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UNU-WIDER Entrepreneurship is not a Binding Constraint on Growth and Development in the Poorest Countries

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A teenager wears torn rubber boots in a muddy local market in Bac Ha, Viet Nam. As of 2005 figures, half the world population—more than 3 billion people–is estimated to live on less than USD 2.50 a day. Bac Ha, Viet Nam. UN Photo/Kibae Park.

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Entrepreneurship is not a Binding Constraint on Growth and Development in the Poorest Countries

It is often claimed that entrepreneurship is indispensable for economic growth and development. These claims are mostly generated by scholars working in the field of entrepreneurship and management studies. In contrast, development economics scholars seem to be less concerned about entrepreneurship in the development process Who is right? I show that the arguments and evidence marshalled so far fails to convincingly show that entrepreneurship is a binding constraint on development in the poorest countries. In development economics institutional weakness, not entrepreneurship, is considered by many to be a more binding constraint on development, especially over the long run. However, recent advances at the interface of entrepreneurship and development economics suggest that unpacking the ‘black box’ nature of institutions may benefit from incorporating an ‘entrepreneur’. Thus, even if entrepreneurship is not a binding constraint on economic development, it may still be worthwhile to study entrepreneurship in development as it may improve our understanding of the real binding constraints.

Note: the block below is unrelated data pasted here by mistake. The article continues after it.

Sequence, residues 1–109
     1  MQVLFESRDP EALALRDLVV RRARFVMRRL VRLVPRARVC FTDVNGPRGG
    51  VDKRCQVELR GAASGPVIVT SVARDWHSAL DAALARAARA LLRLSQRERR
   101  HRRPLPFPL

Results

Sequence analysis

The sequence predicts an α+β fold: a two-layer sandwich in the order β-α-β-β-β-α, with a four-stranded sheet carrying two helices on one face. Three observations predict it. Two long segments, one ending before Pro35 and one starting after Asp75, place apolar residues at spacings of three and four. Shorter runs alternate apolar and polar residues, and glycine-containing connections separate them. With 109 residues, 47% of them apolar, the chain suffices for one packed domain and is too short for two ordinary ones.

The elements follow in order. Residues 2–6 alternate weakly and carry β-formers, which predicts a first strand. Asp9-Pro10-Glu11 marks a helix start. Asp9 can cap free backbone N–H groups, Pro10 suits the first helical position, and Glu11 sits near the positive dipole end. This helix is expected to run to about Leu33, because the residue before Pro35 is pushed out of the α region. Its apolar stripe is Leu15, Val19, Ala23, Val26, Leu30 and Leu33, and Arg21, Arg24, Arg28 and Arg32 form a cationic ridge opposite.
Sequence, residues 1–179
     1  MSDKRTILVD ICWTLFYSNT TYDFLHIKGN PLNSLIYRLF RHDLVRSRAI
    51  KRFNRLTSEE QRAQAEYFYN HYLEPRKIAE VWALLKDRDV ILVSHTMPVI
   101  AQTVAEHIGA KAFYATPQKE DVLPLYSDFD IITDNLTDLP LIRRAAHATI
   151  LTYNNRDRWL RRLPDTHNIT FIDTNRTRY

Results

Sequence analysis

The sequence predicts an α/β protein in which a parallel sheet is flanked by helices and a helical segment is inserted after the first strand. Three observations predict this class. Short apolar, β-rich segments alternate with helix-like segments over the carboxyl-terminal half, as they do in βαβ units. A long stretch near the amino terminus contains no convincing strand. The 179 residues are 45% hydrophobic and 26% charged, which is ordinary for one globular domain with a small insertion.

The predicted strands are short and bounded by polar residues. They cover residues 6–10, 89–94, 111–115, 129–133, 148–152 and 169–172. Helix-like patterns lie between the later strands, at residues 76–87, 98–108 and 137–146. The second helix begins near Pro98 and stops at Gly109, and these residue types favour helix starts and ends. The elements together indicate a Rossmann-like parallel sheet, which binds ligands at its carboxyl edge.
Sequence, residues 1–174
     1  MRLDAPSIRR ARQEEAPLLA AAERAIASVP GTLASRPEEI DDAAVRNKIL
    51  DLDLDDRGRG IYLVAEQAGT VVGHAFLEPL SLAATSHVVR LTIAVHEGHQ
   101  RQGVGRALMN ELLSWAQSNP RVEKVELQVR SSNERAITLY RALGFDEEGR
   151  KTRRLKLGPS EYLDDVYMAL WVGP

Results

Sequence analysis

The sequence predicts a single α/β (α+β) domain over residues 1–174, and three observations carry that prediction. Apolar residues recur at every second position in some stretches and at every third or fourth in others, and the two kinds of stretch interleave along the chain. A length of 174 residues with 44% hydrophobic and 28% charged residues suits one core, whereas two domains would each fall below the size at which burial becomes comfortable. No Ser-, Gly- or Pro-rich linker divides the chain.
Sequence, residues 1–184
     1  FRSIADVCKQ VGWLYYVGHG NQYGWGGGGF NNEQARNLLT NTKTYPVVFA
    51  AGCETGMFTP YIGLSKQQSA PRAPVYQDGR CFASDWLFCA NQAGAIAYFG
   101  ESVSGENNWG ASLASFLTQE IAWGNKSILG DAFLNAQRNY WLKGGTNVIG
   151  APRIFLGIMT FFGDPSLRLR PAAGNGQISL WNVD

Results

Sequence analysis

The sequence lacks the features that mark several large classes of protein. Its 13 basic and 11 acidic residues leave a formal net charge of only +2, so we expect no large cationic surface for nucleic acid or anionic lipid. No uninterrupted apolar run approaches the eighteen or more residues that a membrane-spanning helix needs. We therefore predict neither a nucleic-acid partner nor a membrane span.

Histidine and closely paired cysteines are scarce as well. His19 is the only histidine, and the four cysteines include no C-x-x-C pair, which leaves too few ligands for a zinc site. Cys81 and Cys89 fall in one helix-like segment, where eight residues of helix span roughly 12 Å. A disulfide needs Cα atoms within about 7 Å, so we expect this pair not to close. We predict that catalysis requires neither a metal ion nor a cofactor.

Publisher:
UNU-WIDER
Series:
WIDER Research Paper
Volume:
2009/45
Title:
Entrepreneurship is not a Binding Constraint on Growth and Development in the Poorest Countries
Authors:
Wim Naudé
Publication date:
September 2009
ISSN Web:
1810-2611
ISBN Web:
9789292302221
Copyright holder:
© UNU-WIDER
Copyright year:
2009
Keywords:
entrepreneurship, development, development economics, institutions
JEL:
L26, O10
Project:
Promoting Entrepreneurial Capacity
Sponsor:
UNU-WIDER gratefully acknowledges the financial contribution from the governments of Denmark (Royal Ministry of Foreign Affairs), Finland (Ministry for Foreign Affairs), Sweden (Swedish International Development Cooperation Agency—Sida) and the United Kingdom (Department for International Development).
Format:
online

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